Smartphone buyers want Apple, Android
BlackBerry, Windows and Palm do not impress
The iPhone's appeal may be settling down - at least in the US - and it's almost entirely due to the rise of Android, according to a survey conducted by market watcher ChangeWave.
In September, it asked 4000 consumers about their smartphone purchase plans. Of those who intend to buy such a gadget in the next three months, 38 per cent said they'd pick the iPhone while almost as many - 37 per cent - said they'd opt for an Android device.
The last time ChangeWave asked the question, in June 2010, 50 per cent said they'd go for the iPhone while only 30 per cent favoured an Android handset.
Patterns of Demand - the platforms consumers say they'll buy into in the next three months
These two platforms dominate purchase intentions. The latest survey puts the proportion of potential BlackBerry buyers at six per cent - up a single percentage point over June's figure - while Windows Mobile demand fell by the same amount, to one percentage point.
Palm's WebOS didn't trouble the scorer.
It's worth considering seasonal factors when comparing Android and iPhone. Back in June, when iPhone demand was high, Apple had just launched the iPhone 4 so you'd expect the buzz to be higher than it might usually be.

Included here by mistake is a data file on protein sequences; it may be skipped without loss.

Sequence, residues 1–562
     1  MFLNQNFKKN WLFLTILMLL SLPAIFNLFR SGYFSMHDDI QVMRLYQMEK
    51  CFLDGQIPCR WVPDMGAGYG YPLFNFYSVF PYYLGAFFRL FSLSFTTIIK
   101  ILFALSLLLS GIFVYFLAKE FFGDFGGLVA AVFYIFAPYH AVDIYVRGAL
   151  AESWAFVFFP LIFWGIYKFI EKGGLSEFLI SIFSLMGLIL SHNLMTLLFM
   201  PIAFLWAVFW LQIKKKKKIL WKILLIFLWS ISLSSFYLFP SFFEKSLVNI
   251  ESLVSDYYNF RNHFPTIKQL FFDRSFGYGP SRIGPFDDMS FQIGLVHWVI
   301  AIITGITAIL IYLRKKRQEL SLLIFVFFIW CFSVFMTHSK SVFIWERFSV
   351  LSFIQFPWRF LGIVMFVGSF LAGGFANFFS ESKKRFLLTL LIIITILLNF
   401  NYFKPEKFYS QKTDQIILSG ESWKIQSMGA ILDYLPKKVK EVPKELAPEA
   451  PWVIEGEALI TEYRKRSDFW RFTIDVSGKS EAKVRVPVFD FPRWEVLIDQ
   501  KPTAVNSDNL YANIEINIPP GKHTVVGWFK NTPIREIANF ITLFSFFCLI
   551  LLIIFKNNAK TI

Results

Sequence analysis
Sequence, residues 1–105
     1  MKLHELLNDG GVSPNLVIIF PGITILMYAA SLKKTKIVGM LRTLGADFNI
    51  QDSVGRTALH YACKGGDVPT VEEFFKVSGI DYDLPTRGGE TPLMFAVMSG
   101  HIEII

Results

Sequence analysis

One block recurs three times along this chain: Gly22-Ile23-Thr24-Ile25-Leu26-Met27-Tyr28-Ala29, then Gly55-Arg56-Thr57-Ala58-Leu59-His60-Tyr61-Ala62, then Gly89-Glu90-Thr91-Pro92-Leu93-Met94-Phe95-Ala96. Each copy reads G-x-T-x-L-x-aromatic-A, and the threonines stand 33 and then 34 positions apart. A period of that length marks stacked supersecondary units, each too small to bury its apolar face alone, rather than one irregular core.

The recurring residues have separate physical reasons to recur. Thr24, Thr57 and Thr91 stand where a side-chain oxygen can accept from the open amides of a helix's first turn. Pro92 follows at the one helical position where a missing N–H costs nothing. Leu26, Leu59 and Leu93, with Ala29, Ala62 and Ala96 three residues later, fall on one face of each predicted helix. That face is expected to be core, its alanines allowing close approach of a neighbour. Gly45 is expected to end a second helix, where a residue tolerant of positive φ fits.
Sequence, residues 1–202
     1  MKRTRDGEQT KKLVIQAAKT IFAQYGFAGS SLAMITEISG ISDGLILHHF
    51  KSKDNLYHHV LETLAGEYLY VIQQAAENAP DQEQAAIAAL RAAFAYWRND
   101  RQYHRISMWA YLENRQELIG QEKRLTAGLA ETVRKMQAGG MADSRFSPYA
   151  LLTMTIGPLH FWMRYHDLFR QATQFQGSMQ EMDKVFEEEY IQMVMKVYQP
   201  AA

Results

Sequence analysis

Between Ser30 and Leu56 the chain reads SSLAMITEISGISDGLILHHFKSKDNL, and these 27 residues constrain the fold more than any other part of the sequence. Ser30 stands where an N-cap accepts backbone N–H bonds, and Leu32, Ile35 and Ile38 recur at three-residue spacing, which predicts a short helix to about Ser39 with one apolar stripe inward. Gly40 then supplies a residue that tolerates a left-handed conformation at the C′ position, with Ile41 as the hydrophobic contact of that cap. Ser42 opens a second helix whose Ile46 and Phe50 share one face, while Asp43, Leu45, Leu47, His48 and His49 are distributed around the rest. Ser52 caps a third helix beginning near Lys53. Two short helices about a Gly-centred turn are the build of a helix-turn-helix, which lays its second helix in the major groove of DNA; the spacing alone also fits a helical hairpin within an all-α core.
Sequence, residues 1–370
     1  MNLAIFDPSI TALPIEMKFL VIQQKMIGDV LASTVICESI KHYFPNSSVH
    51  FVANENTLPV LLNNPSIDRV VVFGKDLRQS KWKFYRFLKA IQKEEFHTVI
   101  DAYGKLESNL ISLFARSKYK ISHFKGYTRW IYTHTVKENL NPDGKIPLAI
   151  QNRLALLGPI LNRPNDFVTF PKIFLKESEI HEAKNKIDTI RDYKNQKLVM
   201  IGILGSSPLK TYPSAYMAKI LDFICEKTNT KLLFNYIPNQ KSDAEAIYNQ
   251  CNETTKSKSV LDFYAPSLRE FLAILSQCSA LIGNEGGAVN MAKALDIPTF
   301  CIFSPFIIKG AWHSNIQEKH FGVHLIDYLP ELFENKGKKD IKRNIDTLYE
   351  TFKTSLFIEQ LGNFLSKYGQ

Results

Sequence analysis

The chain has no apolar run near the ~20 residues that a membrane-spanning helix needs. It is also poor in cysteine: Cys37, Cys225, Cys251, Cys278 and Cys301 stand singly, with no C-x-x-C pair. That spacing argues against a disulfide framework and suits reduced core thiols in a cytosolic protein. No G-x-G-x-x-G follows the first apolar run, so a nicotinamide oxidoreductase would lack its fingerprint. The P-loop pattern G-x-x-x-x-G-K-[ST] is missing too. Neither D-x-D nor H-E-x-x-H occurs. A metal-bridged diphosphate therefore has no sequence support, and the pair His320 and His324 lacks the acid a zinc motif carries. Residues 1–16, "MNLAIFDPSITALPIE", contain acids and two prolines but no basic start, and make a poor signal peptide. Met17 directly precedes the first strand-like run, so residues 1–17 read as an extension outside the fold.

Now, with the antennagate controversy all but forgotten, the iPhone demand level seen by ChangeWave is more realistic. And that shows that the two platforms are, at the moment, equally appealing to punters.
The rise and rise of Android - percentage of buyers intending to choose the Google OS
But with more vendors behind Android than support iOS - almost all versus just one - the Google platform will become more diverse, appearing in high-end devices, low-end kit and all points between, and that is inevitably going to make it appeal to a broader array of buyers than the iPhone can.
An interesting side note is ChangeWave's question about how satisfied their devices are consumers. For each platform, the percentage of uses who said they were very satisfied with their smartphones came to: 74 per cent (iPhone), 65 per cent (Android), 32 per cent (WebOS), 31 per cent (BlackBerry) and 24 per cent (Windows Mobile).
Percentage of a platform's users who said they were 'very satisfied' with their smartphone
So one battle will be for folk who currently use those last three platforms, and it's telling that Microsoft is talking up its new Windows Phone 7 OS, RIM has just said it plans to revamp the BlackBerry OS with a QNX foundation and HP is beginning to talk more about WebOS 2.0.
Each wants to win over not only new buyers but those disenchanted with rival platforms. They can't all succeed, particularly when chums are telling them how good iOS and Android are. ®